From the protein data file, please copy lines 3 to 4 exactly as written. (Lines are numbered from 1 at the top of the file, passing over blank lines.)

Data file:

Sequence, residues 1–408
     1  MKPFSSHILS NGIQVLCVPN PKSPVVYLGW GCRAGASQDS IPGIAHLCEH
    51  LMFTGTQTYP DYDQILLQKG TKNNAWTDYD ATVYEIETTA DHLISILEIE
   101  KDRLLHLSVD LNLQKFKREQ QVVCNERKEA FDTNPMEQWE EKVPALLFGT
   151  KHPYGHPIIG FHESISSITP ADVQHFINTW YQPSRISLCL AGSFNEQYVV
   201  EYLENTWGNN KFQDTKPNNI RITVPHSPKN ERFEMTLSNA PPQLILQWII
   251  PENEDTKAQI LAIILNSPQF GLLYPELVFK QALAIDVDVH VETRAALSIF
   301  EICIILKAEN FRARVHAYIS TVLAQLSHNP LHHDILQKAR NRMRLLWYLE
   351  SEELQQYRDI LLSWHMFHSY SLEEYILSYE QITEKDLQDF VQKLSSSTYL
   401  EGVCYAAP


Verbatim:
    51  LMFTGTQTYP DYDQILLQKG TKNNAWTDYD ATVYEIETTA DHLISILEIE
   101  KDRLLHLSVD LNLQKFKREQ QVVCNERKEA FDTNPMEQWE EKVPALLFGT